Recommendation for a no-wifi router capable of handling 1 Gbps fiber

I have just read the very insightful topic on routing >500Mbps speeds on all-in-one type routers, and have to confess I'm feeling a little dispirited now as I'm looking for a router suited for a 1Gbps fiber connection and thought I could just purchase something off-the-shelf.

I'll still ask away as I'm not looking for an all-in-one router. Here are my requirements:

  • no WIFI, as using Internet provider's router/modem in bridge mode
  • able to handle sustained speeds of 800-900 Mbps, though it'll be rare when this happens
  • doesn't need many ports as my LAN is connected to a 1 Gbps switch; can have a single output port AFAIC
  • would love to get the NanoPi R4S but looking for something convenient that I can buy and plug & play

What are my options?

Raspberry Pi 4 with an USB dongle.

raspberry pi CM 4 with the dfrobot dual gigabit carrier board (if you don't like dongles and prefer non-usb connection to the second network port)

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If you're in bridge mode, you won't be able to use the provider's router/modem's wifi -- that will be completely bypassed. So you'll need an access point or your own router will need integrated or add-on wifi.

Do you even need your provider's modem/router? With fiber, you should be able to connect the router of your choice to the Optical Network Terminator's ethernet port. If that's the case you can give their router back or let it gather dust.

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raspberry pi CM 4 with the dfrobot dual gigabit carrier board (if you don't like dongles and prefer non-usb connection to the second network port)

This is hands down the solution I'd go for as the hardware has just the right specs and processing speed to handle the demands of high-throughput routing with, I suspect, capacity to spare to run a DNS server and additional stuff I currently run on an amd64 server. Unfortunately, it's not really an option for me because it is likely to be a time-consuming project and, not being a network engineer myself, I'm likely to run into difficulties/grey areas along the way while assembling/setting everything up. Not too important but doesn't even seem to sell cases for the board.

Not relying on a USB dongle makes this the best recommendation though! (in theory at least :wink:)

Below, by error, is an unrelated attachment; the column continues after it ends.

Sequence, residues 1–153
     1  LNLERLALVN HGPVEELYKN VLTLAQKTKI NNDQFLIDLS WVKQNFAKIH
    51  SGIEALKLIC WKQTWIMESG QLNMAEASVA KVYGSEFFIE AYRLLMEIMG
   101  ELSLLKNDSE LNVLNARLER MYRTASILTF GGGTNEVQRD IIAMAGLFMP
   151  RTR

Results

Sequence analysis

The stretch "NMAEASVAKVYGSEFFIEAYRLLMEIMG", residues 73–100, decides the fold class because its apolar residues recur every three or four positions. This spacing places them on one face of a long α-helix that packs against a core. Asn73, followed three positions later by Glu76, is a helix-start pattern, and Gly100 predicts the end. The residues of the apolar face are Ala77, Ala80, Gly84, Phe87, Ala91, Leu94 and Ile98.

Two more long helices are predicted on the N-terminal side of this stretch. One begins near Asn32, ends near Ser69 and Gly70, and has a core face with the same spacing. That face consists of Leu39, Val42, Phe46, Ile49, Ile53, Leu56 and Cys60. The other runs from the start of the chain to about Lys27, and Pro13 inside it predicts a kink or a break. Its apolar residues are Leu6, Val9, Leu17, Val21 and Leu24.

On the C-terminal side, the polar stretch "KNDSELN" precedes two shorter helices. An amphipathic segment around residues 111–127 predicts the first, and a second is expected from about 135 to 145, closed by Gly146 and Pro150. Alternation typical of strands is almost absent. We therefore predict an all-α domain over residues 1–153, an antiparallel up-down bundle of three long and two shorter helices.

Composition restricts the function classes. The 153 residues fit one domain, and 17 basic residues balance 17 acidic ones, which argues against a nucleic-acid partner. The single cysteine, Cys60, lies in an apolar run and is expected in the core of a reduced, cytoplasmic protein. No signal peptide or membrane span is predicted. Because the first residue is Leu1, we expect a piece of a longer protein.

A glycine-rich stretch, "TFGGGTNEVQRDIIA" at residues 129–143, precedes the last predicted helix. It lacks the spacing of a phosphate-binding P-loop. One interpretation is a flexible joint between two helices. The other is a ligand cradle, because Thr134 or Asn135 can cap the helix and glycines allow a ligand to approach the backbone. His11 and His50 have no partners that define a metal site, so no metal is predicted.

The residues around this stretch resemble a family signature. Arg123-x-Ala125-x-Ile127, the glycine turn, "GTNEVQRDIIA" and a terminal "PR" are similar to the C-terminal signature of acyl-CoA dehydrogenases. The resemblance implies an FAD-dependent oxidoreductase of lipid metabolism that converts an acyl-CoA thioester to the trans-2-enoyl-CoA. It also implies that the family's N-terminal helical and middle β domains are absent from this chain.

If you're in bridge mode, you won't be able to use the provider's router/modem's wifi

Damnit, I didn't know this. Looks like I'll need a separate WAP then! Thanks for pointing this out and teaching me something.

Do you even need your provider's modem/router?

I think so because the router takes a BNC coaxial cable, but the WAN itself is fiber.

If you are in the US:


What do you mean exactly for "bridge mode"?

Because different manufacturers call "bridge mode" different things.

see this article

If you are just daisy-chaining (attach the WAN port of the OpenWrt router to the LAN port of the ISP's modem/router) and in many cases also if you do half-bridge mode you can still use the wifi of the ISP device, but it will be outside of your OpenWrt's LAN so devices on wifi will not share the same network or firewall features (adblocking for example).

Not strictly true, you can set up routing on the ISP's modem such that the OpenWRT is on a DMZ and doing all the routing, DHCP serving etc, disable the ISP modem's DHCP, then connect a second network cable from your LAN side on the OpenWRT to the LAN side of the ISP's modem and have any devices connected there send all their internet bound traffic to the OpenWRT. Here's a video explaining exactly how to do that (but with an Edgerouter instead of an OpenWRT device):

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I know, I had to get a cheap and cheerful eBay aluminium case for mine:

The carrier board is mounted upside down by those 4 bolts, the CM4 board is between the carrier board and the case top, with thermal pads in between so the case is acting as the heatsink (not required as I ran it just sitting on a piece of cardboard in free air for a few weeks while waiting for the case to arrive). CPU temp now sits between 35 and 39, but without the case or any heatsinks it was around 55.

The tricky bit was drilling the mounting holes in the right spot, and then drilling and filing the faceplate for the network ports and the power socket.


I'm not sure what it is exactly, but "Bridge mode on port 4" is what's on the configuration page of the Hitron Chita Hub router that I'm using.

Turns out the Wifi can be kept enabled on the router's faux bridge mode and so can the DHCP server as well.